- There is a significant positive relationship between alpha predictors and ﬂows; in other words, investors believe the predictors have value.
- There is a negative relationship between alpha predictors and fees. This relationship becomes increasingly negative out-of-sample. If predictors deteriorate, it isn’t because of rising fees.
- Using two different tests, the out-of-sample alphas fell between 78-87%. The out-of-sample performance of mutual fund alpha predictors is, at best, marginal.
- Publication of the paper on which each predictor is based leads to higher levels of arbitrage (as measured by aggregate short interest, aggregate share turnover and aggregate hedge fund asset size), which is then associated with smaller alpha spreads. Learning from a published academic study that a set of securities offers positive alpha induces greater investment (arbitrage) to those securities, which raises their prices and eliminates the alpha.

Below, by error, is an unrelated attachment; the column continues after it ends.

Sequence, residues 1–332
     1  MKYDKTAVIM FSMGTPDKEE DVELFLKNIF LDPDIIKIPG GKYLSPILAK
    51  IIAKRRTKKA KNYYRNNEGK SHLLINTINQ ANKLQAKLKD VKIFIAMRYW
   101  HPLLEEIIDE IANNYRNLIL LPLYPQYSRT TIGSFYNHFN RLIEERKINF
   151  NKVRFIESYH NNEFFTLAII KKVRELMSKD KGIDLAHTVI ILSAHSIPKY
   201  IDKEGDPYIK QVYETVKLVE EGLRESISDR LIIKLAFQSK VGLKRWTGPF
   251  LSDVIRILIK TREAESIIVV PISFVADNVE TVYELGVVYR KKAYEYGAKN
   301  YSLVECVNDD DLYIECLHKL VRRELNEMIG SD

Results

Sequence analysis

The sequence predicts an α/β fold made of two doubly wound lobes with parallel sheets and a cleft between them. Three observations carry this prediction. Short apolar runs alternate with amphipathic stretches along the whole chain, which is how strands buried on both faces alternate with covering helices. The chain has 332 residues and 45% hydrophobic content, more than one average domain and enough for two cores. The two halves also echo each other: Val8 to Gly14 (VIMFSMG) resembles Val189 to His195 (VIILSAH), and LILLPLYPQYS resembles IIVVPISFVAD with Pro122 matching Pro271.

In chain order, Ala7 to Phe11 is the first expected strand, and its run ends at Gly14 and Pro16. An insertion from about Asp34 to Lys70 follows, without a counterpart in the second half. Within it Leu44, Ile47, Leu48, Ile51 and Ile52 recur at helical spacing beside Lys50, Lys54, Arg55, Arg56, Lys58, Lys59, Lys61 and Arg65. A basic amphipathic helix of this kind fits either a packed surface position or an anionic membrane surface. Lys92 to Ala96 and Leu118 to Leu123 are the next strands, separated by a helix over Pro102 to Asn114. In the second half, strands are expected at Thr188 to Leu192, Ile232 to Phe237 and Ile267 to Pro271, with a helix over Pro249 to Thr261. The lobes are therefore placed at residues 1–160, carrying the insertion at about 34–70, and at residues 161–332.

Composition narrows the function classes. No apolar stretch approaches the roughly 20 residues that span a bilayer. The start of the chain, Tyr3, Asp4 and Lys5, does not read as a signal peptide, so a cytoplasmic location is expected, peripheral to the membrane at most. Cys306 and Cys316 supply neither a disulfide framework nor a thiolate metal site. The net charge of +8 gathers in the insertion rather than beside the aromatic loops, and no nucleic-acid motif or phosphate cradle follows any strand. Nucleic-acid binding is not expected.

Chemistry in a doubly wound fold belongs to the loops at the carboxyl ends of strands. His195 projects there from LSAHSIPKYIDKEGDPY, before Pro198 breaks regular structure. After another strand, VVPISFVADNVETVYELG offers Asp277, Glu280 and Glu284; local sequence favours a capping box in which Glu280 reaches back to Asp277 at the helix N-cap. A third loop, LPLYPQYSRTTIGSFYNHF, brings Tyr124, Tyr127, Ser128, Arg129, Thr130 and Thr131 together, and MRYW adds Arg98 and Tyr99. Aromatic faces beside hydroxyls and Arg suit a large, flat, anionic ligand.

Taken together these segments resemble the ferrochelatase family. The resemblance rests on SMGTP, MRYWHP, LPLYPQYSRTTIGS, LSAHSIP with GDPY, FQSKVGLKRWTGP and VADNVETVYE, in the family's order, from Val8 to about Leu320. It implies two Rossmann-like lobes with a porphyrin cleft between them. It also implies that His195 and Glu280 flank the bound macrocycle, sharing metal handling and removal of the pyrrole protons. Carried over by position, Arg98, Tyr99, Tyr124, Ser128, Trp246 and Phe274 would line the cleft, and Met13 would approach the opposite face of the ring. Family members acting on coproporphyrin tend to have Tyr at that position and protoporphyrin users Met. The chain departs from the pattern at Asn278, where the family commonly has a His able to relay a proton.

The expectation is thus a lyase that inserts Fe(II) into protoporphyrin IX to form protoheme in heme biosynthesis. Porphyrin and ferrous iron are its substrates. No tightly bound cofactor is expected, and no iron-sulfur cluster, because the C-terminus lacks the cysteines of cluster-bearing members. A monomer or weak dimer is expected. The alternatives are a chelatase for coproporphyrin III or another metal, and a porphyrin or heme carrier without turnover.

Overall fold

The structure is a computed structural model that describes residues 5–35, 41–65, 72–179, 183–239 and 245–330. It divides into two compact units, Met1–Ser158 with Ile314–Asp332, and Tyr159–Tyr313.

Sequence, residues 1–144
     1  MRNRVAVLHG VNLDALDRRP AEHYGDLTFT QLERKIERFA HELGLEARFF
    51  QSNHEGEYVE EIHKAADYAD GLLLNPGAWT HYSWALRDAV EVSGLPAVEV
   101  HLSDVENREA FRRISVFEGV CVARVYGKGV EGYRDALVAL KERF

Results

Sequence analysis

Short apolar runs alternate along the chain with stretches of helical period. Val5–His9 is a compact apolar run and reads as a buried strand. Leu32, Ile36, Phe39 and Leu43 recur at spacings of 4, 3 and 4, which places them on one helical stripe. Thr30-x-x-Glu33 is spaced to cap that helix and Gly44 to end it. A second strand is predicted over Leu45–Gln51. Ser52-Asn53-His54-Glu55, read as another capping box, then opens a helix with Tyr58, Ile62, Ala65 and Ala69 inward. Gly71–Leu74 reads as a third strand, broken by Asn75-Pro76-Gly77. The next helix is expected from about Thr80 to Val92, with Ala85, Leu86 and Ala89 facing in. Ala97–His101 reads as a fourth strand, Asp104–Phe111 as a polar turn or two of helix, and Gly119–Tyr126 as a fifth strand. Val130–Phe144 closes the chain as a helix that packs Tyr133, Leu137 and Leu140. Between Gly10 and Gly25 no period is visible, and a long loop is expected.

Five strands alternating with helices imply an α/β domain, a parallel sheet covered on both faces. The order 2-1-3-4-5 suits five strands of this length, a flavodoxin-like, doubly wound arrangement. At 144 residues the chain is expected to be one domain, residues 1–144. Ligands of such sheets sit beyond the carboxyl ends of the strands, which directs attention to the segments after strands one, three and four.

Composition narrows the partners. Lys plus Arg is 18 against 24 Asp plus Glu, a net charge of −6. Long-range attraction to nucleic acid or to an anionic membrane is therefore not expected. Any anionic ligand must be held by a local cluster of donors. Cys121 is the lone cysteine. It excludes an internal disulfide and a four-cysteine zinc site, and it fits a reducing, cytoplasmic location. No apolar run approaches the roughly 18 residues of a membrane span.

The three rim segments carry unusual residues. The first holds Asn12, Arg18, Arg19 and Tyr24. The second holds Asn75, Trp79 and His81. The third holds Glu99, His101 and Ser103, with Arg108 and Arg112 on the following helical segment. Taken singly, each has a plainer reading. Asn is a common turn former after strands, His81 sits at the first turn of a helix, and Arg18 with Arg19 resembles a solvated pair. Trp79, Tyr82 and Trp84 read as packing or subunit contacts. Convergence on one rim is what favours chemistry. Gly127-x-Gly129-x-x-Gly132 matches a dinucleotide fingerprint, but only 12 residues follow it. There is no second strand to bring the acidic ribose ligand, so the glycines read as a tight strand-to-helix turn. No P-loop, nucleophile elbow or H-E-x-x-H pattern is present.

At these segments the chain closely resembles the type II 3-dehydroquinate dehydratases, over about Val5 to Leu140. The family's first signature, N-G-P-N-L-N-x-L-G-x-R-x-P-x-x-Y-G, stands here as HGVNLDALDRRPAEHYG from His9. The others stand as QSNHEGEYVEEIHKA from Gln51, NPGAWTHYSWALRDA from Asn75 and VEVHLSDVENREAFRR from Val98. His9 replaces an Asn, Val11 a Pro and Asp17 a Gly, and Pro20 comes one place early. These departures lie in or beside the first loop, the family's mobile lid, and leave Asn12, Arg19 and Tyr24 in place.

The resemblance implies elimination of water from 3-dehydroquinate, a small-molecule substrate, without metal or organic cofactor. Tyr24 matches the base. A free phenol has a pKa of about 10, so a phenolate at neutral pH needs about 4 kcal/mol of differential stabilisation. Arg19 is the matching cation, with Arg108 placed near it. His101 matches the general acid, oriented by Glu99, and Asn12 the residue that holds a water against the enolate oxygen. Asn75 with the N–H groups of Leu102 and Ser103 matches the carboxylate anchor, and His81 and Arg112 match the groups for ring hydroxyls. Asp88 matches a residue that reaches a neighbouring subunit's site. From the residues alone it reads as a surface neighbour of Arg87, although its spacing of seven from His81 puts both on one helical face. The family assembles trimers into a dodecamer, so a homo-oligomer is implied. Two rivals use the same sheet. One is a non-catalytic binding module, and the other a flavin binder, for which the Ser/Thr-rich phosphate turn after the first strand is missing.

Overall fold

Another interesting finding was that in the period between the end of the data sample and publication of the finding on predictability (about four years on average), although predictability declined between about 30% and 40%, some predictability still existed. Predictability is no longer reliable after publication. The finding of a gradual decline in predictability allowed the authors to rule out the likelihood that the original findings resulted from data mining.
Jones and Mo noted that “whether academic ﬁnance research is useful or not in practice largely rests on whether or not its ﬁndings continue to hold out of sample.” Unfortunately, they reached the following conclusion: “Performance persistence, at least for equity funds, is mostly a phenomenon of an earlier era. The primary advice that one can give, again for equity funds, is to avoid high fees.”
Importantly, they added: “Poor out-of-sample performance is at least mostly the result of an overall trend towards greater market eﬃciency.” And finally, they offered this: “The obvious implication of our ﬁndings is that investment practitioners, who are known to use at least some of these measures to guide portfolio selection, may be engaging in a now-futile exercise.”